We all know it is unhealthy to have high blood sugar, blood pressure, or cholesterol. But what is even more concerning is when these conditions overlap.
Metabolic syndrome is a new buzzword in medicine. It refers to a group of five risk factors that occur together — high blood pressure, high blood sugar, unhealthy levels of cholesterol and triglycerides, as well as a large waist circumference.
Any one of these conditions can pave the way for serious health problems. But when you have more than one, your risk of developing a heart attack, stroke, or type 2 diabetes increases dramatically.
“Having this syndrome helps us identify people at the highest risk for developing type 2 diabetes or cardiovascular disease,” explains Divya Rajasekaran, MD, an endocrinologist at Summit Health. “It is critical we find these patients and treat them aggressively.”
Metabolic syndrome is all too common. Nearly 1 in 3 adults in the U.S. meet the criteria for metabolic syndrome, according to the latest research from the National Health and Nutrition Examination Survey.
“The rapidly increasing prevalence of obesity among Americans is closely related to the rising rates of metabolic syndrome,” says Le Ha, MD, a cardiologist at Summit Health. “Extra weight, unhealthy eating habits, and physical inactivity have been identified as mechanisms linking the components of metabolic syndrome.”
Criteria for Metabolic Syndrome
A person is considered to have metabolic syndrome when they have three or more of the following risk factors:
- High blood sugar – 100 mg/dL or more when fasting.
- Low levels of HDL cholesterol – Less than 40 mg/dL in men and 50 mg/dL in women. Commonly thought of as the “good cholesterol,” HDL is protective against heart disease.
- High levels of triglycerides – 150 mg/dL or more. Triglycerides are the most common fat in the body.
- Large waist circumference – Greater than 40 inches in men and 35 inches in women. This is also referred to as abnormal obesity or an apple-shaped body.
- High blood pressure – 130/85 mm Hg or higher.
Risks of Metabolic Syndrome
People with metabolic syndrome are more likely to develop serious complications, including:
- Cardiovascular disease – The arteries are a series of tubes that carry oxygen-filled blood to and from the heart. High levels of cholesterol and triglycerides in the blood can cause plaque to build up in the arteries, causing the tubes to harden and narrow. Eventually, this may lead to a blockage that interrupts the flow of blood resulting in a heart attack or stroke.
- Type 2 diabetes - Many people with metabolic syndrome develop insulin resistance. Insulin is a hormone that moves sugar into cells so it can be used for energy. When insulin resistance occurs, the cells in the body are unable to use the hormone the way they should. This causes blood sugar levels to rise.
Research has shown that people with metabolic syndrome and obesity are ten times more likely to develop diabetes and twice as likely to have cardiovascular disease when compared to individuals without metabolic syndrome who were of a normal weight.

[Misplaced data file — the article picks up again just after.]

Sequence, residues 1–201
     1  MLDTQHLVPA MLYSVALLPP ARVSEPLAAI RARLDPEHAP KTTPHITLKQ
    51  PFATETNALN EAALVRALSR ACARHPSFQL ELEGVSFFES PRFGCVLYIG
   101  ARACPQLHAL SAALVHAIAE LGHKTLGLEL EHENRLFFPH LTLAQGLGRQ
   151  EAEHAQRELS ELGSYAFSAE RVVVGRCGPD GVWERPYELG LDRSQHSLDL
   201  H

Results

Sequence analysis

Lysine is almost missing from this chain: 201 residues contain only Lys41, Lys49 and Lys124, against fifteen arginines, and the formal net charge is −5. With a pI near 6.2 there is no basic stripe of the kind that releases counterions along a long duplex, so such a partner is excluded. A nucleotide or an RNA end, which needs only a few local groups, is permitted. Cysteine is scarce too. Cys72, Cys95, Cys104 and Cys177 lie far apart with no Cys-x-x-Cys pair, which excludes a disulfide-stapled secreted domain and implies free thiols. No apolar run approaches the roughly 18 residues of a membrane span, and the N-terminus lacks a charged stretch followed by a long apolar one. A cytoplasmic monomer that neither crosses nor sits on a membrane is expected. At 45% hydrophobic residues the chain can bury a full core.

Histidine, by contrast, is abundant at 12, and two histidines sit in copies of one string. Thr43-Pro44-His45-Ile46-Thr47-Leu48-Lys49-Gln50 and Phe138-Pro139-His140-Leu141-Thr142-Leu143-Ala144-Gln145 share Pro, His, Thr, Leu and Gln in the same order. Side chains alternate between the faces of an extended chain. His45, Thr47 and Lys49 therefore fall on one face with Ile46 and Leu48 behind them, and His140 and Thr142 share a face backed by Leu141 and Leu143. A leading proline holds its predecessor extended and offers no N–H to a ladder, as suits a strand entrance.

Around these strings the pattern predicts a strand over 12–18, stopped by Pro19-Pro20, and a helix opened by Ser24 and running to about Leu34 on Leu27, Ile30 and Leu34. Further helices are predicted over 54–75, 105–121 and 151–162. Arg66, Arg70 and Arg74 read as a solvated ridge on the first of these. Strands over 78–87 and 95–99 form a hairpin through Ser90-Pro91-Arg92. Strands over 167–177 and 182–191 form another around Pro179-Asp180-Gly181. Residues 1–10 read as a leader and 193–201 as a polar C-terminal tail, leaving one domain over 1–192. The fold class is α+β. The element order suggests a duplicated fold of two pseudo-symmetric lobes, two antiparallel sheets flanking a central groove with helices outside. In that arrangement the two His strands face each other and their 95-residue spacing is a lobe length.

Treatment: Changing Your Ways with Diet and Exercise
Metabolic syndrome is not permanent. There are changes you can make to your diet and activity level that can reverse the condition — or reduce your chances of ever developing the disorder in the first place. Lifestyle modifications are the first line of defense, but medications may also be needed.
“Focusing on the idea that we can make a difference by modifying our food intake and increasing our activity is a big step in the right direction,” says Dr. Rajasekaran. “I tell my patients to address nutrition and activity aggressively for three to six months. If, despite their best efforts, the levels are still not at goal, then I recommend starting medications to control high blood pressure, unhealthy cholesterol, and elevated sugars.”
Here are three changes you can make today to improve metabolic syndrome.
- Lose weight - Two-thirds of Americans are overweight or obese. Losing 5 to 10 percent of your body weight can be extremely helpful in improving blood pressure and minimizing the risk of developing diabetes, explains Dr. Ha. If a man weighs 200 pounds, that means shedding between 10 and 20 pounds.
“Not only is losing weight a big task, but also maintaining the weight loss is equally challenging,” says Dr. Ha. “For individuals who have problems with conservative measures, there are also medications or bariatric surgeries available to assist them.”
- Eat nutritious foods - A healthy diet is the key to prevention. Fill your plate with fruits, vegetables, whole grains that are filled with fiber, and lean proteins like fish, chicken, and beans. Limit sugar-sweetened beverages, alcohol, salt, sugar, and saturated fat or trans fat.
“My patients are always surprised to see that they were able to bring down their blood sugar or blood pressure by incorporating a daily walk into their routine or cutting down on that bread or daily dessert,” notes Dr. Rajasekaran. If you are not sure where to start, a nutritionist can help you find ways to reduce calories and lose weight.
- Stay Active - Exercise has countless benefits. It can help you lose weight, lower your risk of developing disease, and improve your mood. Choose something you enjoy —take a brisk walk, join a group workout, or go for a swim. Vary it up so you do not get bored. Always check with your physician before you start any exercise program.
“It is recommended to get at least 30 minutes of moderate-intensity exercise daily. Increasing the amount and level of physical activity further enhances the beneficial effect,” says Dr. Ha.
Changing our habits to healthier choices is hard but possible, adds Dr. Rajasekaran. Start with slow changes—cut down from a full bagel to a half or pace around for the duration of your favorite TV show. Make a standing desk and move food away from your office. It may seem small, but these efforts can change your life.